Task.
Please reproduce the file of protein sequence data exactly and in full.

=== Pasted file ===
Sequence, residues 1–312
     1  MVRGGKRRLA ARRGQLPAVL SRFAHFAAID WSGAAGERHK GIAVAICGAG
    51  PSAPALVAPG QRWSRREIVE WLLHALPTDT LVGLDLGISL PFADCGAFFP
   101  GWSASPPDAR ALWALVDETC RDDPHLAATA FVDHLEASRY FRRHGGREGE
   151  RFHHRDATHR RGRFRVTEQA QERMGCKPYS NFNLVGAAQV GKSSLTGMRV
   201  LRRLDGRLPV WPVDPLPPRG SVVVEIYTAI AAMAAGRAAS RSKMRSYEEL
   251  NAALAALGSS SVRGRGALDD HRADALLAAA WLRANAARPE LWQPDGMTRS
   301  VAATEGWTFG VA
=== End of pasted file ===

Sequence, residues 1–312
     1  MVRGGKRRLA ARRGQLPAVL SRFAHFAAID WSGAAGERHK GIAVAICGAG
    51  PSAPALVAPG QRWSRREIVE WLLHALPTDT LVGLDLGISL PFADCGAFFP
   101  GWSASPPDAR ALWALVDETC RDDPHLAATA FVDHLEASRY FRRHGGREGE
   151  RFHHRDATHR RGRFRVTEQA QERMGCKPYS NFNLVGAAQV GKSSLTGMRV
   201  LRRLDGRLPV WPVDPLPPRG SVVVEIYTAI AAMAAGRAAS RSKMRSYEEL
   251  NAALAALGSS SVRGRGALDD HRADALLAAA WLRANAARPE LWQPDGMTRS
   301  VAATEGWTFG VA